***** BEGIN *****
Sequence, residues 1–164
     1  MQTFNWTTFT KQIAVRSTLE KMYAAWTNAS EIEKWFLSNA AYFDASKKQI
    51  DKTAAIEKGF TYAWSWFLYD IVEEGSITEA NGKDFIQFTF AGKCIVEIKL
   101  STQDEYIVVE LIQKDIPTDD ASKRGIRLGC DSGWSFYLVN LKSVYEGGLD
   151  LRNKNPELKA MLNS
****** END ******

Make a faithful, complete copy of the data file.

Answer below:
Sequence, residues 1–164
     1  MQTFNWTTFT KQIAVRSTLE KMYAAWTNAS EIEKWFLSNA AYFDASKKQI
    51  DKTAAIEKGF TYAWSWFLYD IVEEGSITEA NGKDFIQFTF AGKCIVEIKL
   101  STQDEYIVVE LIQKDIPTDD ASKRGIRLGC DSGWSFYLVN LKSVYEGGLD
   151  LRNKNPELKA MLNS